Vascular Biology: Keeping endometriosis at bay
Developmental Medicine: Sound games train dyslexic children to read
Newborn Medicine: Umbilical-cord studies shed light on lung disease
Up to 15 percent of women suffer from endometriosis, in which tissue normally found in the uterus grows elsewhere in the body. Now, a discovery that certain immune cells trigger angiogenesis—the formation of new blood vessels—opens the possibility of more effective, less toxic treatments.
Angiogenesis, which stimulates growth of cancerous tumors, also encourages small, symptomless endometriosis lesions to enlarge, causing pelvic pain and infertility. Working in a mouse model, research fellow Ofer Fainaru, MD, PhD, and colleagues in Vascular Biology found that dendritic cells, part of the immune system, invade endometriosis lesions, and that new vessels soon form nearby. Fainaru thinks the dendritic cells send signals that attract endothelial cells, which help build blood vessels, to the lesions.
If the findings hold true in humans, Fainaru hopes to find a way to kill or alter dendritic cells so that endometriosis lesions remain tiny and harmless. The study was published online in September by the journal FASEB; Judah Folkman, MD, director of the Vascular Biology Program, was senior author.
About 40 years ago, cognitive researchers raised scientific eyebrows by suggesting that some dyslexic children struggle to read because of an auditory problem: a difficulty in processing fast-changing sounds. Now, Nadine Gaab, PhD, in the Developmental Medicine Center's Laboratory of Cognitive Neuroscience, has provided the first brain images to support this idea. Her study, in the journal Restorative Neurology and Neuroscience, also shows that the problem can partially be trained away and brain wiring can be changed in at least some children with dyslexia.
Being able to capture nuances within fast-changing sounds, like the syllable "ba," is critical to learning language and, later, to knowing what printed letters sound like. But when Gaab's 9- to 12-year-old subjects with dyslexia listened to sounds that changed quickly—more than a few milliseconds—their brains didn't show the activity seen in typical readers' brains. Functional MRI (fMRI) images showed that the dyslexic children's brains weren't properly wired for fast sounds.
The solution? Computer games that played the fast-changing sounds slowly, then gradually sped them up. After eight weeks of sessions, the dyslexic children's brains responded more like typical readers' when processing fast sounds, and their reading improved.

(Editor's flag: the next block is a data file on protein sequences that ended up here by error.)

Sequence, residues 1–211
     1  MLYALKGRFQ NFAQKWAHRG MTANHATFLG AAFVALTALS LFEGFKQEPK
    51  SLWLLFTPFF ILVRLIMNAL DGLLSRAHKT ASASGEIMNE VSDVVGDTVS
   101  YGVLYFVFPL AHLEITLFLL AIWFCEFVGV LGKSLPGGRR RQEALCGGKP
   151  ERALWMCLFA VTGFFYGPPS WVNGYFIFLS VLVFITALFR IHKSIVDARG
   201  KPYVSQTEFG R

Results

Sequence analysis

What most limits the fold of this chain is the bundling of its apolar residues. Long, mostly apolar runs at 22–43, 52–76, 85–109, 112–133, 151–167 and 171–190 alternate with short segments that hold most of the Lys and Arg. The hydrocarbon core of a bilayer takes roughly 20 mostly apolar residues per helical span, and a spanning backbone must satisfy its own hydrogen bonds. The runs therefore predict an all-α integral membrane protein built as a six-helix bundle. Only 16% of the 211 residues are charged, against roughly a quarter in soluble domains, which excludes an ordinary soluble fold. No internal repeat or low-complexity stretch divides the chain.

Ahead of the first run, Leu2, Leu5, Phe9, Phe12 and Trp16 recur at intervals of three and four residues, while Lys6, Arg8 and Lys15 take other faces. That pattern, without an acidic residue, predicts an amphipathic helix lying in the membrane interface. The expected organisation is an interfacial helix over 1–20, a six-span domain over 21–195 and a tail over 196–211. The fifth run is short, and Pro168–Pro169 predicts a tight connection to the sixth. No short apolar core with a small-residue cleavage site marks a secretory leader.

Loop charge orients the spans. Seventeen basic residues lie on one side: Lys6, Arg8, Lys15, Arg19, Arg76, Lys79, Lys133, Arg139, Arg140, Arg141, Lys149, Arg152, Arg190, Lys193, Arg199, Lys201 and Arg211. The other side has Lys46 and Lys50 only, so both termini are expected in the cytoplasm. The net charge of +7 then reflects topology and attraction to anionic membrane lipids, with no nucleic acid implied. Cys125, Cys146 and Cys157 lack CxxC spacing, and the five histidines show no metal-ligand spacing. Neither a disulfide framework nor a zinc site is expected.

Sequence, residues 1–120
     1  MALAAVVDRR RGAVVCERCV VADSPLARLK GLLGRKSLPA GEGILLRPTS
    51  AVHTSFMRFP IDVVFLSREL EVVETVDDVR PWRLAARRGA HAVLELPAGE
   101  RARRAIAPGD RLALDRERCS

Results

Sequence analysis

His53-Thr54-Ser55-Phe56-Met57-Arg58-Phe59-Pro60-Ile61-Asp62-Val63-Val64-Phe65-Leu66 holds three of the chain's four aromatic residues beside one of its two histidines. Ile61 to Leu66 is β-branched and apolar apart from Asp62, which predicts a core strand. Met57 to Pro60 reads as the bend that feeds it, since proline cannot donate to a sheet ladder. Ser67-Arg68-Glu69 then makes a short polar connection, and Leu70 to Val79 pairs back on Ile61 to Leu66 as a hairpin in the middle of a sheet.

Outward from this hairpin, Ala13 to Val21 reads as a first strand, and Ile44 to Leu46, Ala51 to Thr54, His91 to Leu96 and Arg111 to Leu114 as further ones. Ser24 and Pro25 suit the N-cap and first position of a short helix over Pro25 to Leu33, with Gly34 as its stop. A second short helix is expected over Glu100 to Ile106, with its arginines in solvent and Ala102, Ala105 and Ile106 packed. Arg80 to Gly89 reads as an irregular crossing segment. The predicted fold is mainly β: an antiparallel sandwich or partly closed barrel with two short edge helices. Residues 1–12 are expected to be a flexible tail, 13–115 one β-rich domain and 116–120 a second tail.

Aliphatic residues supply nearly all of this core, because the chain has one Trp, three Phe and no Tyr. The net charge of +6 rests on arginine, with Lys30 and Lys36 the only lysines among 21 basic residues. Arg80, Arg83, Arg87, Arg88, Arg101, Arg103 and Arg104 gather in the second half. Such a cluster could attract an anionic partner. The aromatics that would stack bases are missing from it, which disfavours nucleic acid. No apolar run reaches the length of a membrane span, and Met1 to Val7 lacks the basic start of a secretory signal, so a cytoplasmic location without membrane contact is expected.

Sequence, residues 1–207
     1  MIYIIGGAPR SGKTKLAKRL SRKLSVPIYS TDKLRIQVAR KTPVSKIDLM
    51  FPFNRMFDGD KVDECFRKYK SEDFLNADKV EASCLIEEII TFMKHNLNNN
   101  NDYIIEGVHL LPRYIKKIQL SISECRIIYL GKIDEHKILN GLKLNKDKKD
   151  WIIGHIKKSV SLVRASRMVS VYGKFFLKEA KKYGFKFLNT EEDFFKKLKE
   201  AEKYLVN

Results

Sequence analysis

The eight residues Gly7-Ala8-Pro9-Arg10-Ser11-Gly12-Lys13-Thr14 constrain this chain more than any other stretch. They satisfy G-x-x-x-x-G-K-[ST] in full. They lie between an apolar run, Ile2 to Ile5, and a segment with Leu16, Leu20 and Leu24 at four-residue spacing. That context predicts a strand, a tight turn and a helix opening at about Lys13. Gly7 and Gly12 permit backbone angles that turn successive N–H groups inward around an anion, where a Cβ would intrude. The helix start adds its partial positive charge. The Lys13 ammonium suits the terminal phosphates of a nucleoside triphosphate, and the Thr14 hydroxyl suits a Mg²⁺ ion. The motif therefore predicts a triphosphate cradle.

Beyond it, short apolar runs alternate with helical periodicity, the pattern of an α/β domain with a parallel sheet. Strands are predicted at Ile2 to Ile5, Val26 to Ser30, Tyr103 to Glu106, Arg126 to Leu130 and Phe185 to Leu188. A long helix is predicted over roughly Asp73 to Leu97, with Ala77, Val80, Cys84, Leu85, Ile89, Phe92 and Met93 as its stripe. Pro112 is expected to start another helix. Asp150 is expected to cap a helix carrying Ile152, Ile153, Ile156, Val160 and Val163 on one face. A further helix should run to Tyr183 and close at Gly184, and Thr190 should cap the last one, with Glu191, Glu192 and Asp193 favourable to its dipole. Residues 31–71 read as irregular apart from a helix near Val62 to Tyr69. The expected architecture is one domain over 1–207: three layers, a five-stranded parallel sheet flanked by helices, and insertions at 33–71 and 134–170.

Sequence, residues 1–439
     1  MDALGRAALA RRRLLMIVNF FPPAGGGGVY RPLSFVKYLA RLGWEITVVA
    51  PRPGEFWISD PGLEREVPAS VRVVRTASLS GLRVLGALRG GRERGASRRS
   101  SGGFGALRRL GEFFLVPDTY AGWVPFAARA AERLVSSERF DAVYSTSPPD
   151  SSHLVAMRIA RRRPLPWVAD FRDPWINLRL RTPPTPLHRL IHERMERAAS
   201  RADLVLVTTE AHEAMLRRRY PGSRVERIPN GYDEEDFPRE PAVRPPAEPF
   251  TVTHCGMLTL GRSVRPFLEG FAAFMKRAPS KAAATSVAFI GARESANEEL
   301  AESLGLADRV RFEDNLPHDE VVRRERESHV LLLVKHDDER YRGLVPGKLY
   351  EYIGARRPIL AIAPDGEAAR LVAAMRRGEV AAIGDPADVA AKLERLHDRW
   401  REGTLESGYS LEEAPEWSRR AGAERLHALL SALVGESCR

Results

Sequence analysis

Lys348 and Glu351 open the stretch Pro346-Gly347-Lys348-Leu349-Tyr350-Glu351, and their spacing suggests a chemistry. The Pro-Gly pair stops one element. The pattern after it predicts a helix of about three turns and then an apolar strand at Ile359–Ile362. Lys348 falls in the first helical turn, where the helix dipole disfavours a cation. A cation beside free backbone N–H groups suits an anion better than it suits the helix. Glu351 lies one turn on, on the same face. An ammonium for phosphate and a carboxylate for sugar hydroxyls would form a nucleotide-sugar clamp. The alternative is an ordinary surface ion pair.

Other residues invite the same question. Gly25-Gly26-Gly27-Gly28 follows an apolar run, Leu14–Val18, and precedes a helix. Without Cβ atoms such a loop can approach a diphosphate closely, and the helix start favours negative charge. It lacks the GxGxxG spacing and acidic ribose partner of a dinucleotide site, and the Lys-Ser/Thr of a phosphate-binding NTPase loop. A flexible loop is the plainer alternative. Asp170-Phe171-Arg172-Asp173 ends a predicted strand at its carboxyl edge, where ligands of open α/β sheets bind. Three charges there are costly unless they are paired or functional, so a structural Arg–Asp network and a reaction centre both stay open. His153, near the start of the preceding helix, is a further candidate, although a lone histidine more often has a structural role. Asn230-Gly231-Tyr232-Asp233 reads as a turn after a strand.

In her child-friendly fMRI lab at Children's Waltham center, Gaab will now study preschoolers whose family members have dyslexia. By looking for sound-processing problems on fMRI, she hopes to catch—and fix—dyslexia at an early stage, before the children begin learning to read. For more, visit www.childrenshospital.org/cfapps/research/data_admin/Site2545/mainpageS2545P0.html.
Up to 40 percent of extremely premature infants develop bronchopulmonary dysplasia (BPD). Little is known about how to predict this debilitating lung disease, let alone prevent or treat it. Now, genetic studies of preemies' umbilical cords, published online by Genome Biology on October 4, provide a much-needed lead.
A team led by Isaac Kohane, MD, PhD, director of the Children's Hospital Informatics Program, and Neonatology fellow Jennifer Cohen, MD, obtained cord tissue from 54 babies born before 28 weeks' gestation and analyzed the activity of all their 30,000-odd genes. Children's Hospital Boston researchers found that the 20 infants who went on to have BPD had a difference in a pathway that is also disrupted in adult chronic obstructive pulmonary disease (COPD). This so-called chromatin remodeling pathway is responsible for the "unwrapping" of coiled DNA strands so that a gene can "turn on," says Kohane. When it's disrupted, certain inflammatory genes get stuck on, and lung tissue is chewed away.
Drugs known as histone deacetylase inhibitors already target this pathway and are being developed to treat COPD in adults. Kohane and Cohen hope the drugs can also prevent or treat BPD in premature infants.